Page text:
‘Tyre-slashing’ kerb warning issued by motorists

The sharp piece of kerbing in Coates Avenue, Barnoldswick. (S)
The sharp piece of kerbing in Coates Avenue, Barnoldswick. (S)

A Barnoldswick man has called on Lancashire County Council to replace a section of kerbing in the town after it shredded tyres on his family’s vehicles not once but twice.

Mike Wheadon, of Chapman Court, has forked out almost £300 on new car tyres since June when the section of kerb in Coates Avenue struck for the first time.

Would you believe, the kerb stone is still there eating tyres, and yes, my eldest daughter slashed one last week

Mike Wheadon

In June, Mr Wheadon’s wife was taking their child to school when she pulled into the side of the road to give way to an oncoming vehicle at the first traffic calming measure after turning into Coates Avenue from Skipton Road.

On accelerating away, the kerb sliced both front and rear nearside tyres leaving them with a £200 bill.

Last week, lighting struck twice and the rubber killing section of kerb was causing “tyre carnage” again according to Mr Wheadon, when a tyre on his daughter’s car was shredded in similar circumstances.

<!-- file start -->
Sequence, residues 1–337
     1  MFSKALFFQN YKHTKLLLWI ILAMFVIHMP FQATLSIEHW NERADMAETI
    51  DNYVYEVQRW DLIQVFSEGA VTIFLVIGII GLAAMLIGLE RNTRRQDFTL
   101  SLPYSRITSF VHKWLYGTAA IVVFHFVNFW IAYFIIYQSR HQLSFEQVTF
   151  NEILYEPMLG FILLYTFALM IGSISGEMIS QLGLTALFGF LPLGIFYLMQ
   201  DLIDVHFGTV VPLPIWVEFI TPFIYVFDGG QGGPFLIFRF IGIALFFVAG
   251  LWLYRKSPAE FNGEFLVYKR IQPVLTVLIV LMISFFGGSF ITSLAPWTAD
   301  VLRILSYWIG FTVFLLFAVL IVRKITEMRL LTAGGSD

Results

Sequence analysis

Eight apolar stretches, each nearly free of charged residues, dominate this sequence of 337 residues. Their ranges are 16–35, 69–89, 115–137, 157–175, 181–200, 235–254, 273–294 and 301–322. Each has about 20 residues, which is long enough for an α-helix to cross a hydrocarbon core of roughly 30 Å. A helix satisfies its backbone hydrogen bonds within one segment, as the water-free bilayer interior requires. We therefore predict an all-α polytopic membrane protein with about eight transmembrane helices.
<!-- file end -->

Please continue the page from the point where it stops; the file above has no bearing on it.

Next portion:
Mr Wheadon said: “My wife bumped the kerb in her car in June and managed to literally slash two tyres.

“We wrote the council with pictures and were sent an over complicated claim form which we duly completed - we are yet to hear from them.

“They even came back to us requested more information such as how many miles the tyres had done. The cost of a new one is still the cost of a new one.

“Would you believe, the kerb stone is still there eating tyres, and yes, my eldest daughter slashed one last week.

“In total, this broken kerb on Coates Avenue has cost just one Barnoldswick resident £272. I am certain there must be more... Or will be more if nothing is done.”

Responding, Clare Farrer, Lancashire County Council highways manager, said: “We inspected this kerb following the initial report but at that time the level of damage to the kerb was not considered to need immediate repair.

“However as the issue has been raised again we will revisit the site and consider whether it needs to be repaired.

“We have received a claim for damages and will respond in due course.”